The RF front-end circuitry 32 receives, processes, and transmits the RF transmit signal RFT via the RF antenna 34. In one embodiment of the RF transmitter circuitry 28, the transmitter control circuitry 38 configures the RF transmitter circuitry 28 based on the transmitter configuration signal PACS. In one embodiment of the RF communications system 26, the RF communications system 26 operates in a full duplex environment, such that the RF transmit signal RFT and the RF receive signal RFR may be active simultaneously. The RF transmit signal RFT has an RF transmit frequency and the RF receive signal RFR has the RF receive frequency. A difference between the RF transmit frequency and the RF receive frequency is about equal to an RF duplex frequency. In one embodiment of the RF communications system 26, the RF notch frequency RNF (FIG. 3) is about equal to the RF duplex frequency, which may reduce noise in the receive path from the transmit path.

In a first embodiment of the RF duplex frequency, the RF duplex frequency is greater than or equal to about 10 megahertz. In a second embodiment of the RF duplex frequency, the RF duplex frequency is greater than or equal to about 20 megahertz. In a third embodiment of the RF duplex frequency, the RF duplex frequency is greater than or equal to about 30 megahertz. In a fourth embodiment of the RF duplex frequency, the RF duplex frequency is greater than or equal to about 40 megahertz. In a fifth embodiment of the RF duplex frequency, the RF duplex frequency is greater than or equal to about 50 megahertz.

The PA bias circuitry 42 provides a PA bias signal PAB to the RF PA 40. In this regard, the PA bias circuitry 42 biases the RF PA 40 via the PA bias signal PAB. In one embodiment of the PA bias circuitry 42, the PA bias circuitry 42 biases the RF PA 40 based on the transmitter configuration signal PACS. In one embodiment of the RF front-end circuitry 32, the RF front-end circuitry 32 includes at least one RF switch, at least one RF amplifier, at least one RF filter, at least one RF duplexer, at least one RF diplexer, at least one RF amplifier, the like, or any combination thereof. In one embodiment of the RF system control circuitry 30, the RF system control circuitry 30 is RF transceiver circuitry, which may include an RF transceiver IC, baseband controller circuitry, the like, or any combination thereof. In one embodiment of the RF transmitter circuitry 28, the DC-DC converter 10 provides the first envelope power supply signal EPS, which has switching ripple. In one embodiment of the RF transmitter circuitry 28, the first envelope power supply signal EPS provides power for amplification and at least partially envelope tracks the RF transmit signal RFT.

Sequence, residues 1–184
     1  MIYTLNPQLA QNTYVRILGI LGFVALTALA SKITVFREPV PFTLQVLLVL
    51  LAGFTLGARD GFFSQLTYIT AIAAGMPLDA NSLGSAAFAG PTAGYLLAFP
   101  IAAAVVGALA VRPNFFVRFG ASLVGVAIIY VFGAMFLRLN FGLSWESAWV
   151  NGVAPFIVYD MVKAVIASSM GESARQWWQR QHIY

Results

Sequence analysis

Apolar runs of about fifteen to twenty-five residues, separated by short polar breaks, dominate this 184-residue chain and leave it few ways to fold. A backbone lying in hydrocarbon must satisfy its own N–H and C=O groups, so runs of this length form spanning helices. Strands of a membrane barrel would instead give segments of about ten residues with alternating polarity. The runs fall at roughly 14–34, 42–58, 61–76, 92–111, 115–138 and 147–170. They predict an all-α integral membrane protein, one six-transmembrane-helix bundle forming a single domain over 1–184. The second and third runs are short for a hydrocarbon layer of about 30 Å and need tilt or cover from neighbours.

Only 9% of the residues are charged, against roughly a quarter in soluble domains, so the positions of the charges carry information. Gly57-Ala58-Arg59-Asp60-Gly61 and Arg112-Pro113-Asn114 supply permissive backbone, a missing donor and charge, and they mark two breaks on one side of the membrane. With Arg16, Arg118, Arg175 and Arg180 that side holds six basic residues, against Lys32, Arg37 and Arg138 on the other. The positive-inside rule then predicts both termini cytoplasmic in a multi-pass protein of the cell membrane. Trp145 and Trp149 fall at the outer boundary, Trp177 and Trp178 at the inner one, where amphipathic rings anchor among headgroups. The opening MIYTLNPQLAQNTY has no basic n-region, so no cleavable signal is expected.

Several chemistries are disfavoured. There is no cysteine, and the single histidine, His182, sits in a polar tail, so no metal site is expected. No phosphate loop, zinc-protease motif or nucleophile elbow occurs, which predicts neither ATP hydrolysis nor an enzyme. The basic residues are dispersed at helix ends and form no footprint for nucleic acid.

FIG. 7 shows the RF communications system 26 according to an alternate embodiment of the RF communications system 26. The RF communications system 26 illustrated in FIG. 7 is similar to the RF communications system 26 illustrated in FIG. 6, except in the RF communications system 26 illustrated in FIG. 7, the RF transmitter circuitry 28 further includes a digital communications interface 44, which is coupled between the transmitter control circuitry 38 and a digital communications bus 46. The digital communications bus 46 is also coupled to the RF system control circuitry 30. As such, the RF system control circuitry 30 provides the power supply control signal VRMP (FIG. 6) and the transmitter configuration signal PACS (FIG. 6) to the transmitter control circuitry 38 via the digital communications bus 46 and the digital communications interface 44.

FIG. 8 shows details of the DC-DC converter 10 illustrated in FIG. 6 according to one embodiment of the DC-DC converter 10. The DC-DC converter 10 includes the power supply control circuitry 20, the parallel amplifier 14, and the switching supply 12. The power supply control circuitry 20 controls the parallel amplifier 14 and the switching supply 12. The parallel amplifier 14 and the switching supply 12 provide the first power supply output signal PS1, such that the parallel amplifier 14 partially provides the first power supply output signal PS1 and the switching supply 12 partially provides the first power supply output signal PS1.